From London (August 19), through Yorkshire (August 21), to Monaco (September 12), and back to the English capital (September 23), Yeboah dripped goals of the most spectacular species. Two of those won successive Goal of the Month awards and secured permanent slots in any legitimate Premier League highlight reel — both with his instep, both with his ‘wrong’ foot. Another two, versus West Ham, had come on the 1995/96 season’s opening day, and three more on a wild Uefa Cup trip to France.
His personal favorite?
It could have been any of two: the stunner against Liverpool, or its not-so-fraternal twin at Selhurst Park. The latter — also part of a hat-trick, the second of three for Leeds — was ultimately adjudged Goal of the Season, but Yeboah picks the former.
“Wimbledon was all about control and if we’re talking technically, that is probably the best goal,” he said in an interview, years later. “But it’s about feeling and emotion as well, no?
“So it’s Liverpool. That was the one.”
Poor David James, in goal that Monday night and stretched in his futile effort to keep the volley out, hailed its beauty in his own words.
“I hate that goal,” he conceded in a 2015 Premier League interview.
Quite the compliment, eh?
Yeboah had joined Leeds in early 1995 from Eintracht Frankfurt for £3.4 million, passing for a sort of consolatory signing after the club had missed out on bigger targets. Fans would have been elated that he scored his first goal, as a substitute, at Old Trafford, but not so much by the fact that it came in a 3-1 FA Cup loss. By the end of that season, only the latter half of which he was on Leeds’ books, Yeboah had scored 13 league goals.
In all, he got 32 in 61 games, also becoming the first foreigner to be named Leeds’ Player of the Season, and earning cult-hero status. Maybe it was something in the Yorkshire pudding the Kumasi native so loved, or perhaps it was the inspiration of playing for a club nicknamed the Peacocks, but Yeboah’s taste for flamboyance is rivalled by few in Premier League history.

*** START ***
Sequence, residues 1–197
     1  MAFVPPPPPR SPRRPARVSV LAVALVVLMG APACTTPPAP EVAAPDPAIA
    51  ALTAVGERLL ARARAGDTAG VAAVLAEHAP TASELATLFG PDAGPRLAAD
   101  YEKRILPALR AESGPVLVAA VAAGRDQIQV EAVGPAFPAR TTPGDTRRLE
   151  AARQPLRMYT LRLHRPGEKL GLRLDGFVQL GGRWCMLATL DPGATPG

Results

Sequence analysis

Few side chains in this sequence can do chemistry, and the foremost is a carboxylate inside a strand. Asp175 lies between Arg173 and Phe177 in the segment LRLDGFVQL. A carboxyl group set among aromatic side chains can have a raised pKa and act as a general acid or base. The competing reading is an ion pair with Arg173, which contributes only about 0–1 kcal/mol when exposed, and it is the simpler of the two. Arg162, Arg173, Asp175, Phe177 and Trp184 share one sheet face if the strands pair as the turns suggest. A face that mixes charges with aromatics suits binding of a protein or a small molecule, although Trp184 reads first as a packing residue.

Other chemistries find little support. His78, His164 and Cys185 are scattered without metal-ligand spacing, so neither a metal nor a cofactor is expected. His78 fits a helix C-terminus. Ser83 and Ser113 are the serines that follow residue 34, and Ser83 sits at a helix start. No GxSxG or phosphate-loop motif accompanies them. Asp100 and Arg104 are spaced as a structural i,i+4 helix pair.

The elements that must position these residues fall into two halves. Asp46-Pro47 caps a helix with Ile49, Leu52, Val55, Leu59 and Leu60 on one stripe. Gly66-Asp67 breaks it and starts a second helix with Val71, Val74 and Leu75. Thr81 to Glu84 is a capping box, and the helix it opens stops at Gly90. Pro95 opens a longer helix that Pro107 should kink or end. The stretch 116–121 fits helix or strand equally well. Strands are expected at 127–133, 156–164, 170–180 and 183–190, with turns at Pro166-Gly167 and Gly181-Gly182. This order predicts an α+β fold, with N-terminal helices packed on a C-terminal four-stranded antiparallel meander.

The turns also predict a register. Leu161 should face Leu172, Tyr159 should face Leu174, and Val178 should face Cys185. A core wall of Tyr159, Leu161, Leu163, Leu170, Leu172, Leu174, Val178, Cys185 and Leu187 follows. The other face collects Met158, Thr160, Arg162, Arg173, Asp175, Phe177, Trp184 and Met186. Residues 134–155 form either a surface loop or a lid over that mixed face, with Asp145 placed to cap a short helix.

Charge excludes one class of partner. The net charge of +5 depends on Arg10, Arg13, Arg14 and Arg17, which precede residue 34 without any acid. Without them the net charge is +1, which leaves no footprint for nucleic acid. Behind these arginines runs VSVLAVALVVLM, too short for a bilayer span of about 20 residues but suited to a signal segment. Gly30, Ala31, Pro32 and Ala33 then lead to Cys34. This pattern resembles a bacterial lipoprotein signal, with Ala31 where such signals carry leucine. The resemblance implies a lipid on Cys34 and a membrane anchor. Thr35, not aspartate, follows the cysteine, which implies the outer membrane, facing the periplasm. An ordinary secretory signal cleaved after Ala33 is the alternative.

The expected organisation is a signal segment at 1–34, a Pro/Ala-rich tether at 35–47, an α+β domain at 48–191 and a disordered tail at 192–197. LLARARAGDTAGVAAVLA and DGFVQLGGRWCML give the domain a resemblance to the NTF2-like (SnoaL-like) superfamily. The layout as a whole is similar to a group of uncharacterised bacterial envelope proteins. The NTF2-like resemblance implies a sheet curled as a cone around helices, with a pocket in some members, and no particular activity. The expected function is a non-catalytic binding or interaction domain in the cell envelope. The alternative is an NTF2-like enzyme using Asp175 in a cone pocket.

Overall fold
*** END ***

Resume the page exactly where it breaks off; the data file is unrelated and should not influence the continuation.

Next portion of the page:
Injuries and a rift with new manager George Graham blighted his final season, prompting Yeboah’s return to Germany, from whence he had come after another falling-out with his coach — the legendary Jupp Heynckes — at Frankfurt, but his romance with Leeds and its fans remains passionate, short and sweet. In 2004, when Leeds compiled a list of its 100 greatest players of all-time, Yeboah ranked a lofty 37th. And only this season, in fact, has his record of Premier League goals — 24 in 47 games — been equaled, and surpassed, by a countryman, but Jordan Ayew could only do it in 129 games at three clubs.
Ghanaians have been enamored of other Premier League clubs since Leeds went down, with rivals Chelsea securing much of that affection with their 2005 acquisition of Michael Essien and all the success the midfielder achieved there. Still, first loves aren’t easily lost and, even after so many years, Leeds hold a special place in Ghanaian hearts.
NY Frimpong — Daily Mail GH